Just after she turned 40, Debi Steffenson was wheeled out of the operating theatre minus a section of sagging skin around her midriff, and with substantially smaller breasts. Once the swelling had gone down, she was elated to find she’d dropped her shirt size from a voluminous 40 to a 36 and could slip into a size 34 pair of trousers.
A Midlife Crisis…
The surgery, with all its attendant risks, costs and stigmas, had been no small decision. In some ways, Debi says, she’d hit a midlife crisis. Her daughter had just about grown up, her husband’s business was flourishing and, at last, she says, she felt she could focus on “what Debi wants”.
That wasn’t to work until retirement; it was to seize the moment, go travelling – and do something about the body that had silently expanded during her thirties and, she believes, made her a stranger to herself.
So she quit her job and set about trying to shed the weight. Always a relatively healthy eater, she cut her portion sizes in half. But, she discovered, you can’t choose where you want to lose weight. Her body didn’t shrink on cue, and it made her feel self-conscious.
Surgery As Rejection Of An Unwanted Self
Debi had always been a skinny “girly girl” who loved make-up and pretty clothes, but felt she’d become drab and more withdrawn in her thirties. Surgery was a rejection of this unwanted self. “The biggest change was that I could again wear what I’d worn before,” Debi says. “I once liked to be the centre of attention, to have the spotlight on me, but I’d reached a point where I didn’t want to be noticed. After the surgery, I changed – I came back to myself; my real self.”
Like many women, Debi’s identity is irrevocably linked to her body image – which is no surprise, says psychologist Dr Prevan Moodley of the University of Johannesburg. “The body is not separate from who we are, what we feel and how we live,” he says. “Our body and its physical canvas form our identity.”
This is partly why many believe that changing their bodies can change their lives – transformation, whether to a fitter, healthier or more aesthetic self, is a seductive notion. “Transforming the body can mean a revised identity or a reconfiguration of who a person is,” Moodley agrees. “This can allow for a challenging of dominant ways of living and being, [including] expressing your sexuality and kindling new relationships. A transformed body can bring confidence and improved self-esteem.”
Assessing The Desire For Change
It’s worth assessing the desire for change. Psychologist Carolyn Black Becker says Western culture is not the first to promote appearance ideals: “All we have to do is remember corsets and foot binding to see that we’re not alone in promoting body transformation.” However, the relentless media barrage that promotes a perfection that is largely impossible to achieve is new. “This is the first time in history when the creation of body dissatisfaction is the engine that drives multiple billion-dollar industries,” she says.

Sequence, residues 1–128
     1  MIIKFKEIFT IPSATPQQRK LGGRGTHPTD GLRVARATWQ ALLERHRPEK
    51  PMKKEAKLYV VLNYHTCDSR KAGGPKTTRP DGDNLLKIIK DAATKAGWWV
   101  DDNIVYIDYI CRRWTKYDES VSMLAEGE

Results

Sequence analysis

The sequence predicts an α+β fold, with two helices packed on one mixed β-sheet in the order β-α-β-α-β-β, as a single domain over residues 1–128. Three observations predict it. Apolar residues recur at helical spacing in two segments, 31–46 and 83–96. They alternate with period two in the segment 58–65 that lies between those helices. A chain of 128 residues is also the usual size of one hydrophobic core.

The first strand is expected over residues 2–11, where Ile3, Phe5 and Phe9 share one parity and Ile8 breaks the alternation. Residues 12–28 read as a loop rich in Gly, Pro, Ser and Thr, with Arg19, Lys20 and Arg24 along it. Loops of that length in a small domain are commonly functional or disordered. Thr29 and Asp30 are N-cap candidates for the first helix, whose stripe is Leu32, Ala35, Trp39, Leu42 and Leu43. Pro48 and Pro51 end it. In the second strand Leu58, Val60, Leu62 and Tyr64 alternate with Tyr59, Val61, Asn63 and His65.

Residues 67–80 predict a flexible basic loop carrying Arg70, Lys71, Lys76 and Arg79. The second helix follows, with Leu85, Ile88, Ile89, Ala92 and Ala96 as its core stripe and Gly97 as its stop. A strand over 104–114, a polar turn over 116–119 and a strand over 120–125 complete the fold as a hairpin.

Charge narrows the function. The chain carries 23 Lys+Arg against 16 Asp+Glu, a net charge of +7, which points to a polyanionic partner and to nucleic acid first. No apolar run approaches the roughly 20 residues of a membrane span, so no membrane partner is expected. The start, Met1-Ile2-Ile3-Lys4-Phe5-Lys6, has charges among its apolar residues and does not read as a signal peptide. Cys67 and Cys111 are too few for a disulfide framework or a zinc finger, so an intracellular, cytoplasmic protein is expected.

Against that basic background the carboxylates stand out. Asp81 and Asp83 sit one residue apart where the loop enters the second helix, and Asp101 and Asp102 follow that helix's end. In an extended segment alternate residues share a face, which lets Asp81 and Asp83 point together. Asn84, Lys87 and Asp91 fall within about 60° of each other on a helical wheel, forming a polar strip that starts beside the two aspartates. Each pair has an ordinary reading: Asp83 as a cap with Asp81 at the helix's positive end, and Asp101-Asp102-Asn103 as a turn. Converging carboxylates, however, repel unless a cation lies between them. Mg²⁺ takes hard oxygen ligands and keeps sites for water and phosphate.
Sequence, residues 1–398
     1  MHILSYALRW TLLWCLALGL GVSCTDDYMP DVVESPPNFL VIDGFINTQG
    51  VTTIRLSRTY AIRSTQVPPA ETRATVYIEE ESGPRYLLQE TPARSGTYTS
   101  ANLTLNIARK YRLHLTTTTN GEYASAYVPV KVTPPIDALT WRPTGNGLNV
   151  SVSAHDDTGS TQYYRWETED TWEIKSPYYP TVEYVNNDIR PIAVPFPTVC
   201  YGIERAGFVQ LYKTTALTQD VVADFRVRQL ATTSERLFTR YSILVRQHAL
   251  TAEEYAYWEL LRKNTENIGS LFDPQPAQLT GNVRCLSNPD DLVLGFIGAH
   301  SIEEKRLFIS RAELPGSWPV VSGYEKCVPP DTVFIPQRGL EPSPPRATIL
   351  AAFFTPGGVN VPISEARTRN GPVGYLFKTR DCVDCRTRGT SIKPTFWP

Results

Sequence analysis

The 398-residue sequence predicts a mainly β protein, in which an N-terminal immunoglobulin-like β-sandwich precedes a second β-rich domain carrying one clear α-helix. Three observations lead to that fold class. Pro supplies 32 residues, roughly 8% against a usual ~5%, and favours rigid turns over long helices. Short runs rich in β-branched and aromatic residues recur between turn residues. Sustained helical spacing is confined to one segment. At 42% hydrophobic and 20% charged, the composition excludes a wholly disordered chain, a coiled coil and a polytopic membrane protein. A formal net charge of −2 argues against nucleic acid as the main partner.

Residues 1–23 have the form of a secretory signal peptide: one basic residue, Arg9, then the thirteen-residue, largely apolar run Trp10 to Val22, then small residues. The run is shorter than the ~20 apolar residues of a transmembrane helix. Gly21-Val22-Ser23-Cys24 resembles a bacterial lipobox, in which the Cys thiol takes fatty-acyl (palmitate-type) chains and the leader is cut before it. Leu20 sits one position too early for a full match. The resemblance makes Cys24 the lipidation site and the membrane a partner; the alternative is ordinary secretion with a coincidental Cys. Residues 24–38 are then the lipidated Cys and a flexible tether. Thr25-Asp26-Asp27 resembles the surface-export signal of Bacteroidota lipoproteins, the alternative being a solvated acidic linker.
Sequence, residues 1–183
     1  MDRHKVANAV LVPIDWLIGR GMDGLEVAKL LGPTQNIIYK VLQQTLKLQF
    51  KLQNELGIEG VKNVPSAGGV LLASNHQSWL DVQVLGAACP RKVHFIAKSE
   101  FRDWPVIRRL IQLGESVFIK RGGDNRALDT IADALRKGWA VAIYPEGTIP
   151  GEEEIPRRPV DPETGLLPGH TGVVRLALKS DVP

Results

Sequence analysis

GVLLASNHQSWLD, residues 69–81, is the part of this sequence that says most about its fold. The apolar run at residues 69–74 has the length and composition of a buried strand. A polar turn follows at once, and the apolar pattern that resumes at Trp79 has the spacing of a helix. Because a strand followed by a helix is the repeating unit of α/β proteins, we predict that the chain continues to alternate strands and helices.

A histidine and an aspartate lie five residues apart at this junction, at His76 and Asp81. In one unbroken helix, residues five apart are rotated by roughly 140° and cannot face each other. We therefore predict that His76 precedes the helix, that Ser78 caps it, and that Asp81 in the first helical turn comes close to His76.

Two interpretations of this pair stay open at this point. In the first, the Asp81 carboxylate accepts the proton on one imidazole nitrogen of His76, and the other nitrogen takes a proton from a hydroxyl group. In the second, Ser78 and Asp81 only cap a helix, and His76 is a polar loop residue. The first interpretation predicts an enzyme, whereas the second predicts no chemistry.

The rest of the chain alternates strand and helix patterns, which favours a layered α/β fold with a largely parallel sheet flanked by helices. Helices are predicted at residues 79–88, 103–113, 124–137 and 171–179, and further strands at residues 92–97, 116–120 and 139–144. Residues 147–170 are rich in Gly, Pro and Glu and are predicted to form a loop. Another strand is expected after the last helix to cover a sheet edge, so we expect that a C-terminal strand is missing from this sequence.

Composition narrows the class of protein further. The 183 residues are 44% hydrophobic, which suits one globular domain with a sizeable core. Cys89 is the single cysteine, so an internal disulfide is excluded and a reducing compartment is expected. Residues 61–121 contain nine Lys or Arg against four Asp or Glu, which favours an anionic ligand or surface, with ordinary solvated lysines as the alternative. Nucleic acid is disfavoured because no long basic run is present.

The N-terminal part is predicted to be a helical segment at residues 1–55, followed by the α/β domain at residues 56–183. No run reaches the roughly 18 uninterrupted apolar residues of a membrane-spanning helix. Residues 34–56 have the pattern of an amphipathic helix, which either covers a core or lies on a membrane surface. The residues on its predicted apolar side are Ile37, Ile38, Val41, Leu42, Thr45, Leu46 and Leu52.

“My New Body”
Debi, now 44, has few regrets. A year after her surgery, she had fat deposits siphoned away from her upper arms, back, chin, neck and upper abdomen. She had maintained her new eating habits after the initial surgery, but this resculpting dealt with areas that resisted change.
Her new body was a delight to her, and the purchase of an “actual, sexy, real bra” was the moment she knew it was all “so worth it!” (She’d dealt with the pain stoically and encountered no complications, unlike a less fortunate friend, who was left with scarring.) Her husband, who adores her and had put no pressure on her to change, was supportive – and admired her new body. She cites a day when her daughter stopped in her tracks and said, “Mom, you look so, so good. So good.”
“I wasn’t even dressed up,” Debi says. “I was wearing pyjama pants and a sweater.” Debi believes the surgery transformed her character as well as her body. Once she’d healed, she welcomed positive feedback from friends and brushed off the guilt induced by her father when he told her post-liposuction that it was “now enough”. (Her family doesn’t come from a wealthy background; she definitely felt some unease at spending so many thousands, despite her husband’s success.)
She went clubbing once or twice. She picked red dresses over black. As a Capetonian who had never been further than Worcester on her own, she now packed her bags and went on holiday to Montreal and Ottawa, and “stayed in London – on my own. My own! I did it!”
She and her husband bought a racehorse. When it won, she was asked for a TV interview. She gave a speech at a family birthday party. It was, she says with a sense of wonder, like the younger, confident Debi had “popped out” once more.